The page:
Magazines for the return trip, of course. This time I found an ad in Marie-Claire UK that provided me with not just blog fodder, but trademark geek blog fodder:
What does this ad tell me about British trademark law? See the (R) after Pink Lady? Pink Lady is a cultivar* name – a cultivated variety of a plant. Under US law, cultivar names do not function as trademarks, and are therefore unregistrable. When a PTO examiner is faced with an application for a trademark for goods that include “live plants, agricultural seeds, fresh fruits, or fresh vegetables,” he or she must “inquire of the applicant whether the term has ever been used as a varietal name, and whether such name has been used in connection with a plant patent, a utility patent, or a certificate for plant variety protection. [citation omitted] The examining attorney must also undertake an independent investigation of any evidence that would support a refusal to register, using sources of evidence that are appropriate for the particular goods specified in the application.” [emphasis added]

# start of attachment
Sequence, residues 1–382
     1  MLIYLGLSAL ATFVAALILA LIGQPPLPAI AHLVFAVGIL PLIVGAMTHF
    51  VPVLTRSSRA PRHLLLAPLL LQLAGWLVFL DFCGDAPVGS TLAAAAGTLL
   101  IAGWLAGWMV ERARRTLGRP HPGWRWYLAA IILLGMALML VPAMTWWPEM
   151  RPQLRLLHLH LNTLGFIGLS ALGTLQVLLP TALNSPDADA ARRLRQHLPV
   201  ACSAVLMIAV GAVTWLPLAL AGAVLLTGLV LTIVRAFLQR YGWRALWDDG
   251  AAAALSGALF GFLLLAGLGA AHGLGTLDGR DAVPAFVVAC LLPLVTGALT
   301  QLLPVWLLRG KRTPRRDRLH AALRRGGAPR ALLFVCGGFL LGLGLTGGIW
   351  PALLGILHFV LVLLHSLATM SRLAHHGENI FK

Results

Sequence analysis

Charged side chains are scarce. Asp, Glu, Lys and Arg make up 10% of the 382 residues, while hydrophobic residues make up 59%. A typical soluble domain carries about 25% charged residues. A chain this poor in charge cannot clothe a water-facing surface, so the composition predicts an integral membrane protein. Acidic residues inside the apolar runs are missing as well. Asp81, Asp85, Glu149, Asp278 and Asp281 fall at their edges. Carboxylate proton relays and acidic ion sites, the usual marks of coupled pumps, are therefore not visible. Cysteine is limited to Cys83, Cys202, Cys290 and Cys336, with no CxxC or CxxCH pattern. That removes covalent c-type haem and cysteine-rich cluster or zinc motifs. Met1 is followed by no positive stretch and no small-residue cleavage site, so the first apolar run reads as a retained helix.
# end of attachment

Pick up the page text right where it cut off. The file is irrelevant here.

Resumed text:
Why do I add emphasis? Because the PTO doesn’t always do its appointed duty, and registrations for cultivar names like ASPARATION and BROCCOLINI have slipped through. I’ve actually investigated the PTO records on these registrations; there’s nothing in the respective file histories to indicate whether indeed the examiner made the necessary inquiry about plant protection. I think their registrations predate this comprehensive (and new, I think) language, and thus those registrations are probably bogus. But they’re there, registered, and, in my view, obstructing the rights of growers of that cultivar to call it what it is.
I’ve had clients in the past who have tried, unsuccessfully, to register cultivar names. As far as I’m concerned, cultivar names are the equivalent of generic drug names. You need to have a name to call the “drug that does x, y, and z” once its patent has expired so others may lawfully manufacture the drug; similarly, if others may lawfully grow the apple cultivar that’s been named Pink Lady, they shouldn’t be restricted from calling it Pink Lady.
And that’s what trademark geeks do when they read foreign magazines!
*Bonus: Merriam-Webster online advises that cultivar rhymes with abbatoir, which opens up a world of possibilities.